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|Chik Chak Shabbat|
Author: Rockliff, Mara
When Goldie Simcha doesn't joyfully throw open her door to welcome everyone into her apartment for a meal of her famous cholent, her neighbors wonder what could be wrong. They discover she was feeling too sick to make the stew. What can they do to save the day?
|Accelerated Reader Information:|
Interest Level: LG
Reading Level: 3.90
Points: .5 Quiz: 169344
|Reading Counts Information:|
Interest Level: 3-5
Reading Level: 4.20
Points: 3.0 Quiz: 64805
Kirkus Reviews (08/01/14)
School Library Journal (10/01/14)
Booklist (+) (11/15/14)
The Bulletin of the Center for Children's Books (00/10/14)
The Hornbook (00/11/14)
Full Text Reviews:
School Library Journal - 10/01/2014 PreS-Gr 3—This charming story is a celebration of multicultural America and friendship. Every Friday afternoon, following her grandmother's weekly tradition, Goldie Simcha (simcha means celebration)—now a young woman living on her own—combines vegetables, dried beans, and barley in a large pot of broth that sits simmering on the stove through Friday night and Saturday until the delicious smell tells her and the four families who live on the floors beneath her that the cholent is ready to eat. Then all the neighbors join Goldie at her large table, each one suggesting which ingredient makes the weekly stew so delicious. But Goldie says, "'For me,the taste of cholent is … Shabbat.'" And all agree that it cannot be made in a hurry. Goldie's neighbors have interests as diverse as their ethnicities—novelist, tuba player, collector of china cups—and the foods they bring to Goldie's table on Shabbat when she feels too ill to cook—pizza, beans and rice, potato curry, and Korean barley tea—combine with their concern for their friend to make a wonderful meal even more special than usual. Brooker brings this sweet story to life with full-page, oil-painted, cartoon-style illustrations heavily detailed with clipped-out magazine photos: tableware; cleverly pieced patterned paper clothing; food and dishes. She has infused each character with distinct personality and presents them as a large, caring family, strengthened by their differences, enjoying the Sabbath together. A recipe for cholent is included.—Susan Scheps, formerly at Shaker Public Library, OH - Copyright 2014 Publishers Weekly, Library Journal and/or School Library Journal used with permission.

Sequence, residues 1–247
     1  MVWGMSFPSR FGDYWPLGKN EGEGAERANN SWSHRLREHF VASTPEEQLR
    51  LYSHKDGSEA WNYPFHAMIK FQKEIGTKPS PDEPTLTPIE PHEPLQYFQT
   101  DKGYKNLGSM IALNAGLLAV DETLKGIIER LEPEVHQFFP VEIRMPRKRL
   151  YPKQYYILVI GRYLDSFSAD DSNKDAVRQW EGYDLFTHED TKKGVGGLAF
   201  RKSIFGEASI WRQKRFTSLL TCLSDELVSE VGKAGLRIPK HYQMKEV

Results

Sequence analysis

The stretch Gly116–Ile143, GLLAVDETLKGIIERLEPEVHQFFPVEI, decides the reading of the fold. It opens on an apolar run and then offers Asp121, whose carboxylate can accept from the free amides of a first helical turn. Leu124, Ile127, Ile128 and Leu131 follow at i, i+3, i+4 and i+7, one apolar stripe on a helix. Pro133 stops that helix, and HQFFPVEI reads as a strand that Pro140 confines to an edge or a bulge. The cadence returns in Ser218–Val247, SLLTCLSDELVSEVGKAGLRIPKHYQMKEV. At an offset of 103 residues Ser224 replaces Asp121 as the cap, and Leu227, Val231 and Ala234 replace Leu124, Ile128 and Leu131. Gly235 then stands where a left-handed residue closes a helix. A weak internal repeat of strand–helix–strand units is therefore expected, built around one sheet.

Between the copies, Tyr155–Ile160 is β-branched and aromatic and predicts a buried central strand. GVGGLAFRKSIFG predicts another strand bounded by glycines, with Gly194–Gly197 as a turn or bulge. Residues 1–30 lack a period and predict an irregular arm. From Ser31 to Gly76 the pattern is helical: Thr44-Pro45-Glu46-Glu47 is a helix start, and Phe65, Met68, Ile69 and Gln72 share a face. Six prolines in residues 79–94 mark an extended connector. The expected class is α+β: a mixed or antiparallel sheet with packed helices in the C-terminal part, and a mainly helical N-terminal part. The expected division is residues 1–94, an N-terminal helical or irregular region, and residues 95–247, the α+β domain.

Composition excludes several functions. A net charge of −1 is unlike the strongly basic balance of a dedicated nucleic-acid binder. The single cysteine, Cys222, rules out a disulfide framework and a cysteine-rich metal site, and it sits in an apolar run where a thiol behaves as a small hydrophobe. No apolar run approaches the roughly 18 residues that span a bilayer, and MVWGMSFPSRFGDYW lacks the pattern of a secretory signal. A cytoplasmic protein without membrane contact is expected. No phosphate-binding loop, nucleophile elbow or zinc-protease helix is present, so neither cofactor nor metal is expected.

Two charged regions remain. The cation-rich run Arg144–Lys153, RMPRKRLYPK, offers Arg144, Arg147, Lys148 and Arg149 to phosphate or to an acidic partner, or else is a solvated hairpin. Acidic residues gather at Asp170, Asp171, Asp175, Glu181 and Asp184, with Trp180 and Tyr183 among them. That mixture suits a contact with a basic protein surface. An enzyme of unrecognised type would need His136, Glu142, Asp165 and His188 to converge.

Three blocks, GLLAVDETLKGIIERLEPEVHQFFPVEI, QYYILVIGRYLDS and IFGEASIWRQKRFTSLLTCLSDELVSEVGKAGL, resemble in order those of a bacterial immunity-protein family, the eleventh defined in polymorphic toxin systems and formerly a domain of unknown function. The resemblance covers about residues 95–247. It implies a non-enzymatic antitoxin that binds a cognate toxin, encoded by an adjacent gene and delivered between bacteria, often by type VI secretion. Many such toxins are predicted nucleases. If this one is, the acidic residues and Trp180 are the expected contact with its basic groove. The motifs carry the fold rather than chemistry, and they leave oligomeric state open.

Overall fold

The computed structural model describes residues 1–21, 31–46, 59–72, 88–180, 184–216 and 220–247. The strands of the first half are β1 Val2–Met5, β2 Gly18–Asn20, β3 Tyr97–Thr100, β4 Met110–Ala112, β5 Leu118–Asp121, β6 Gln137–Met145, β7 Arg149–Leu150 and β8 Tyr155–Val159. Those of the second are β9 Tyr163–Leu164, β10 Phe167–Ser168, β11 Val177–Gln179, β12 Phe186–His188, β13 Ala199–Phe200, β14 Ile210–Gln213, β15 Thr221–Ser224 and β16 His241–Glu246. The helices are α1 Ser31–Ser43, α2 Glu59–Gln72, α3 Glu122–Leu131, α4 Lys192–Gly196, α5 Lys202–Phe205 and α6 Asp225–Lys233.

Booklist - 11/15/2014 *Starred Review* Come Saturday morning, a delicious smell wafts from apartment 5-A. The other residents know it well. On Friday afternoons, Goldie Simcha begins making the hearty stew known as cholent, which Jews traditionally cook before Friday’s sundown so that they won’t have to light a fire during Shabbat. Rockliff doesn’t get into theology in this delightful story, though she does have Goldie remember how, as a girl, her family observed the Sabbath, especially by spending time together. Now Goldie has a new family: the other apartment dwellers—Hispanic, Indian, Italian—who come up for Saturday night dinner. Then one weekend, there’s no good smell coming from 5-A. When her friends learn that Goldie is down with a cold, they decide to bring their own ethnic specialties to a different kind of supper, and Goldie tells those at the table that their food has one thing in common—it tastes like Shabbat. As warm and comforting as a bowl of cholent, this does a fine job of showing how the American mosaic can also be a satisfying whole. Brooker’s illustrations, which are reminiscent of Gabi Swiatkowska’s work, are full of wit and emotion that bring the story alive. A recipe for a vegetarian cholent is appended. - Copyright 2014 Booklist.